IBM X-Force Uncovers Stealthy Gootloader Variant “GootBot”

The IBM X-Force has recently shed light on a new variant of Gootloader — the “GootBot” implant, which is making waves by enabling attackers to quietly navigate and spread across enterprise networks, defying traditional detection mechanisms.

Gootloader, previously known only as a gateway for more egregious attacks, has morphed into an even greater threat. In the past, after securing initial access, it would pave the way for other malicious tools, such as CobaltStrike or RDP, to facilitate lateral movement within a victim’s network. But with the advent of GootBot, attackers are sidestepping these more detectable methods in favor of a custom tool that can operate under the radar for extended periods. This new lightweight malware is a game-changer for cybercriminals, allowing them to rapidly deploy payloads and establish a pervasive presence within an infected domain, often with the end goal of reaching domain controllers for full network compromise.

Infection diagram | Image: X-Force

X-Force, tracking the Gootloader group under the moniker Hive0127 (also known as UNC2565), has observed this group in action since 2014. The group’s modus operandi involves a blend of search engine optimization (SEO) poisoning and exploiting vulnerabilities in WordPress sites to deliver their malware. They have a knack for luring in victims by manipulating search results and directing users to compromised websites that masquerade as legitimate forums offering business-related documents. Once a victim takes the bait and downloads what they believe are relevant files, the infection begins.

The Gootloader infection process is cleverly layered. Starting with an obfuscated JavaScript file in a downloaded archive, it advances through stages that involve a series of scheduled tasks and PowerShell scripts, culminating in the system information being sent to one of the ten C2 servers operated by the attackers. The pivotal shift here is the introduction of GootBot, a refined PowerShell script, as a subsequent payload.

GootBot is remarkable not only for its efficacy but also for its subtlety. Its communication with its command-and-control (C2) server is a testament to its stealth; it awaits encrypted PowerShell tasks and executes them without spawning new processes—thus skirting many Endpoint Detection and Response (EDR) systems. Its consistent beaconing, although adjustable, and its use of obfuscation techniques, suggest that the malware developers have a deep understanding of how to avoid modern security defenses.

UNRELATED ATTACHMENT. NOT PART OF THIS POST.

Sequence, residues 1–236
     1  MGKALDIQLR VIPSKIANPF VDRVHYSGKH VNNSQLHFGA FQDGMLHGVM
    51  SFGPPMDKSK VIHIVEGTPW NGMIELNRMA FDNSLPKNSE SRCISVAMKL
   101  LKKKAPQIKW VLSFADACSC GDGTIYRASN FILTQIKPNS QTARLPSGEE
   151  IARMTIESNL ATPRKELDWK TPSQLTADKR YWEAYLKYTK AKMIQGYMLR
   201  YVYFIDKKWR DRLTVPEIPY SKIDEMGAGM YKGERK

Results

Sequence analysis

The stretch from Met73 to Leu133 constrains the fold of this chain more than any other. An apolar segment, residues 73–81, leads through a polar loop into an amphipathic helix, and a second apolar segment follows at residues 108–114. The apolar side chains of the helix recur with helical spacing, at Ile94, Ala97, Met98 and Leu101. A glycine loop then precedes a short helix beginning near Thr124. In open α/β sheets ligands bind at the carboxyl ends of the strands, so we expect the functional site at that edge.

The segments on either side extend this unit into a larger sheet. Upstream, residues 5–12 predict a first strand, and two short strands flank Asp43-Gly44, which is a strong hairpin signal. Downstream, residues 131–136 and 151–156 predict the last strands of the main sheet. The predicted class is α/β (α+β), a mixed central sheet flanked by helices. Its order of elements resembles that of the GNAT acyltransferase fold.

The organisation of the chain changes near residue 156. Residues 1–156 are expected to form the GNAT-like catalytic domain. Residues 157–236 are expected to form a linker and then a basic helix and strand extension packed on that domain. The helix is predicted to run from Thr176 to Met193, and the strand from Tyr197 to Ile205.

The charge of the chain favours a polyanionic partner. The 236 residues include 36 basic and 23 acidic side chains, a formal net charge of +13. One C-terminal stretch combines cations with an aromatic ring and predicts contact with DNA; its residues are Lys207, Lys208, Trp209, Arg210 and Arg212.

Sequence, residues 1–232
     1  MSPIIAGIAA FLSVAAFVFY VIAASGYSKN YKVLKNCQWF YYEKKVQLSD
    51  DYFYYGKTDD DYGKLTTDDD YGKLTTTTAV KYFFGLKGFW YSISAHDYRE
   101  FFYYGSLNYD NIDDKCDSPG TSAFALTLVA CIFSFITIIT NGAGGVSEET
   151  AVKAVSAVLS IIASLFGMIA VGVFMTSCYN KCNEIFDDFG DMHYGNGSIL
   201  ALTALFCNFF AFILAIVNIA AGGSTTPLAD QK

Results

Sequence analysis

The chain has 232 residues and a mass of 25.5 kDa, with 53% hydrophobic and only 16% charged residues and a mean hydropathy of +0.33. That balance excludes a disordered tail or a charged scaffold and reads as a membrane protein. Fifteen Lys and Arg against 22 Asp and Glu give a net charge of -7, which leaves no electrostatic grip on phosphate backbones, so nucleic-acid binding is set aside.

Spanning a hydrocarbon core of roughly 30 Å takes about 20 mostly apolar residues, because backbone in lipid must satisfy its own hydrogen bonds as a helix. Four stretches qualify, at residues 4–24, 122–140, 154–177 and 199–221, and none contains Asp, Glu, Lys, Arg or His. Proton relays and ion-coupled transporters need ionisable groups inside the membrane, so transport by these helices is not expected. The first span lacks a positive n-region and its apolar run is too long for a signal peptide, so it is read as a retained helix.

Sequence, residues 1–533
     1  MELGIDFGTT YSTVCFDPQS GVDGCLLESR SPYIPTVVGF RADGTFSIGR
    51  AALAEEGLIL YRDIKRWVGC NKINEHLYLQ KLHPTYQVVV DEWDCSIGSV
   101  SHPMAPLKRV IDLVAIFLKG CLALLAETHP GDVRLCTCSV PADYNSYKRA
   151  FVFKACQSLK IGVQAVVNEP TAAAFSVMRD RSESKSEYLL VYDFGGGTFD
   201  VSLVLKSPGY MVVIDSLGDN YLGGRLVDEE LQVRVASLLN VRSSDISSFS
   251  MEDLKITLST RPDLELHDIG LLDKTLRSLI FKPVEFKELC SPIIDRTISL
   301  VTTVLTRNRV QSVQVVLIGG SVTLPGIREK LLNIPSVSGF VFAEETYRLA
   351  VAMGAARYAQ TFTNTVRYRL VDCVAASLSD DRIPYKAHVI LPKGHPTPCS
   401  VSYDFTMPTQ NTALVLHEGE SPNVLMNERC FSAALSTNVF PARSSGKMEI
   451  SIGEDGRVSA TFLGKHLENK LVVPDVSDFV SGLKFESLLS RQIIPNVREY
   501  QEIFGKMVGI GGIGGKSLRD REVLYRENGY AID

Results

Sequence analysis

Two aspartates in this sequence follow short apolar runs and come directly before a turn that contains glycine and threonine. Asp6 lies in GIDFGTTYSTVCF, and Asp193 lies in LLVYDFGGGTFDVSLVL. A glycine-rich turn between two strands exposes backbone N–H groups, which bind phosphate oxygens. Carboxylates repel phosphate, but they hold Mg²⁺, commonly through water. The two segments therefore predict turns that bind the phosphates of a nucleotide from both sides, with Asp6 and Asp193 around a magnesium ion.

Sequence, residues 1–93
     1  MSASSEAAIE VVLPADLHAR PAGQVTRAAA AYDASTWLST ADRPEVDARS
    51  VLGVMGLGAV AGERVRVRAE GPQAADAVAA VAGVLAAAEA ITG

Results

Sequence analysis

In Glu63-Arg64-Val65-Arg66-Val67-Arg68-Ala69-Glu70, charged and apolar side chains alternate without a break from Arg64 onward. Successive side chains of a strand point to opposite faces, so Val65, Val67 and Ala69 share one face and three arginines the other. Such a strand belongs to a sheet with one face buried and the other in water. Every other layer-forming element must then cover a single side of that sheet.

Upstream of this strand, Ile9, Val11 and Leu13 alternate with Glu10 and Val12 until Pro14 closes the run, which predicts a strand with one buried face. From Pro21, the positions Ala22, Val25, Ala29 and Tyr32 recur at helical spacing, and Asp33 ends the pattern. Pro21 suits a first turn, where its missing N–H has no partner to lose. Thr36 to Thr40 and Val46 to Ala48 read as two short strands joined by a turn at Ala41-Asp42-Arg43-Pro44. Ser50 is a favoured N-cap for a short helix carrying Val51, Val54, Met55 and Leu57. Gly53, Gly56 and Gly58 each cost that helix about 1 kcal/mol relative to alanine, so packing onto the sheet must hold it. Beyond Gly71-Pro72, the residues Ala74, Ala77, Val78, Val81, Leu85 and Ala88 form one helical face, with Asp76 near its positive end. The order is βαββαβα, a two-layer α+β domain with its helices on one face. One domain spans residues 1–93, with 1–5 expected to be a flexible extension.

The GootBot implant is purpose-built for lateral movement, using scripts that can quickly propagate the payload across the network, hunting for domain controllers and potentially leading to multiple reinfections. This activity showcases a significant enhancement in the threat actor’s capabilities, rendering the once straightforward process of blocking malicious traffic from known bad domains almost futile due to the sheer volume of compromised WordPress sites at their disposal.

This development is not just technically intriguing but deeply concerning for network defenders. The presence of GootBot indicates a potential prelude to more severe attacks, including ransomware deployment. Information theft is also a risk, with the malware capable of extracting sensitive data from compromised systems.

The revelation of GootBot highlights the persistent evolution of threat actors and the importance of staying abreast of their changing tactics, techniques, and procedures (TTPs). For organizations, this means that vigilance, along with advanced threat detection and response capabilities, is more crucial than ever in mitigating the risks posed by such sophisticated malware campaigns.